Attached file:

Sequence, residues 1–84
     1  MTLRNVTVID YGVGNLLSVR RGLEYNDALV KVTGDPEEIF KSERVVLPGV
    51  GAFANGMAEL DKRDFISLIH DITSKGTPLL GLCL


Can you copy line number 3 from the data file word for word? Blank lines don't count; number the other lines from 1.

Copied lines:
    51  GAFANGMAEL DKRDFISLIH DITSKGTPLL GLCL